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#1 2020-03-23 08:40:48


Compression Post Help

I'm in the middle of replacing my compression post on my '29 MKIII. I've temporarily braced it with a jackscrew while I replace the wooden post. The problem is the compression post has rotted away to the point that I can't get a great measurement.

Could someone check the height from the sole to the wooden cross beam ( shown here: https://i.imgur.com/nSt2H5h.jpg) and comment on whether you have a wooden sole or just the regular fiberglass?



#2 2020-04-14 14:59:05


Re: Compression Post Help

John, someone else's measurements are not likely to do you much good. Although these boats come out of the same molds and are in theory exactly the same, the actual truth is that each boat is a unique individual. Bulkhead placement varies slightly from boat to boat, the exact size and placement of the support beam varies, etc. So, the measurements of my 27 Mk III will be at least several fractions of an inch off of the proper measurements for your boat.

A number of years ago, I had to replace the compression post in Carriden, because the original laminated plywood post had rotted at the bottom. Like you, I used a jack to push up the support beam across the top of the cabin.  When I had the support beam completely straight, I measured the distance from the cabin sole to the underside of the support beam and the deckhead beneath the tabernacle.  I managed to source a piece of solid teak from Exotic Woods in Burlington, which I then cut and shaped to my exact measurements, mimicking the general shape and profile of the original post. I then slipped it into place, tapping it into final position because I had cut it to be a snug fit. This post has served me for over a dozen years now without any problems.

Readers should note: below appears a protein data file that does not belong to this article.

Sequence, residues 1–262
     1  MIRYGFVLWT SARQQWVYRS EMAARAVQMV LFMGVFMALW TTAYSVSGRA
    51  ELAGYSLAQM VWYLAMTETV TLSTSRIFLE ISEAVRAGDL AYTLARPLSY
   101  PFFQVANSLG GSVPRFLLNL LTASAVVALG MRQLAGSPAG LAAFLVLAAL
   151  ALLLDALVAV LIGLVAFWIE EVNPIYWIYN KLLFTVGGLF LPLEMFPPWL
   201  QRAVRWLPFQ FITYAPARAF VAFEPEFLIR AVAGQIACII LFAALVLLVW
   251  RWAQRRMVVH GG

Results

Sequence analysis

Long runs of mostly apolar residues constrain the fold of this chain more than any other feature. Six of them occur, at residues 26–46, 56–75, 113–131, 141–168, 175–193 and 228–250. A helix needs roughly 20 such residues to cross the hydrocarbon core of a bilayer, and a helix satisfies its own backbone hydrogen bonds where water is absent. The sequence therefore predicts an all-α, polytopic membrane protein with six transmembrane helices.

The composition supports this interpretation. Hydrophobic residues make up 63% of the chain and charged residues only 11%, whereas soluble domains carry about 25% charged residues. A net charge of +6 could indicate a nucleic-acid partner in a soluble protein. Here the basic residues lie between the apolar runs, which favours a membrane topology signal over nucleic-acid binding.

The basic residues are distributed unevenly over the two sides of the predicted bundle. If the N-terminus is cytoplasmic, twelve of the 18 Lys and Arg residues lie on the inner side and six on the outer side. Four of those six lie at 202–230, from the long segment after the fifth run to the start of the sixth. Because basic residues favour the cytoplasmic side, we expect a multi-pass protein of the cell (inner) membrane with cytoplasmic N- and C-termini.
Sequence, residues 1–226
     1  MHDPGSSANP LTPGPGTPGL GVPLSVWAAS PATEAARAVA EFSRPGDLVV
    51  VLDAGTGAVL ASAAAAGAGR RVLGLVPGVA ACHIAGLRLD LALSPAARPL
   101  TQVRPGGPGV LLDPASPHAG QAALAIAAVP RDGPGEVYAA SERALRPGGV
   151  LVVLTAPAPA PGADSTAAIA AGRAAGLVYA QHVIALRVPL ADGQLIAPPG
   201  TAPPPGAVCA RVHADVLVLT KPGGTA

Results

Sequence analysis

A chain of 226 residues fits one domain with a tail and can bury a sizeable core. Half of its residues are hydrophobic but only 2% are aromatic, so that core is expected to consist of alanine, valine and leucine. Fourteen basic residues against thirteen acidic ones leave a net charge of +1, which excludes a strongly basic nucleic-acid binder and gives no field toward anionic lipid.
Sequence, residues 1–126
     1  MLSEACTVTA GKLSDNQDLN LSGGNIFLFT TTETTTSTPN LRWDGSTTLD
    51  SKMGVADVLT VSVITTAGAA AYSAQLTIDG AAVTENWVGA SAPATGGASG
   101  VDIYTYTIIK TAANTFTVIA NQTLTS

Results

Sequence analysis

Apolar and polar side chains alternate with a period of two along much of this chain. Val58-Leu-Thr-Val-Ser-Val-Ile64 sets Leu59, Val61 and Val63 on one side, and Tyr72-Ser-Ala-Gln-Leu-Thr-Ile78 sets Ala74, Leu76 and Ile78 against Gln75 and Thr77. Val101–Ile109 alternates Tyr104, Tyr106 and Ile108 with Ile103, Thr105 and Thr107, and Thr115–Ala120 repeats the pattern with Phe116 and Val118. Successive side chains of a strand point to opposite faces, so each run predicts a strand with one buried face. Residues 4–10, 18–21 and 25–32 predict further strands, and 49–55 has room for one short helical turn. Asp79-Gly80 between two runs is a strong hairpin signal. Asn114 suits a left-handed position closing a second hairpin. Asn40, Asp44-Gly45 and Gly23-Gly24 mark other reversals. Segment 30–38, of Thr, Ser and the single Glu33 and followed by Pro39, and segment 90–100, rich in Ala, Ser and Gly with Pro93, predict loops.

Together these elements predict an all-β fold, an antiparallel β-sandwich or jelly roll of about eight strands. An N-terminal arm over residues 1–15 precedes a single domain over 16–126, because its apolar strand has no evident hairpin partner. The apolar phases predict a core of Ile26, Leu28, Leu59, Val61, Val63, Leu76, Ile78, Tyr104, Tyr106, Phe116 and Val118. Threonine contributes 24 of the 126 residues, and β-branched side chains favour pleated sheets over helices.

The reason that the original post had rotted was that water which came in through the forehatch, or was spilled in the head, would sit on the cabin sole, having no suitable drainage because it was blocked by the teak sole in the main cabin. To eliminate this problem, I created a small limber hole in the bottom of the main bulkhead, more or less on the centre-line of the boat. I coated the insides of this limber hole with epoxy so that water could not penetrate the bulkhead itself.  Water now drains through the limber hole into the locker under the forward port settee, where it then has a clear and straight path into the bilge. Problem solved. I also cut away the portion of the teak sole under the compression post, so that the new post is resting directly on the fiberglass sole.
Marcus from Carriden

Mk III, Hull #847
Oakville, Ontario

Marcus Opitz,
Formerly from Carriden, Mk III, Hull #847,
now skippering "Everdina," a 1975 Ontario 32


#3 2020-04-20 00:19:44


Re: Compression Post Help

Understood Marcus,

Just trying to get as close to standard as I can. There's at least 3/8" of goop slopped on top of the post so I'm not too critical of the overall length, Just want to make sure I'm in the right ballpark.

Secondly, The balsa in my cabin sole is shot so I can't take that as too accurate of a baseline either. I'm considering making a solid section or fitting a hole and going straight through the cored floor to the Knee in the bilge with the new one. 

Thanks for your help and thoughts,


#4 2022-10-09 19:58:15


Re: Compression Post Help

I have a 1975 mark III and my compression post seams to be bulging at the bottom.mini_IMG_2036.jpg
I was thinking I would cut off the offending bit, 6” or so, and add in a shoe of white oak or similar water resistant wood. I would fix it to the existing post with epoxy and an aluminum collar.
Dows anyone see a problem with this kind of repair?
What is the post made of?
Can I do this with the mast up?
The rail for the sliding door on the head needs to be removed?
Will I run into something unexpected cutting it off in situ?


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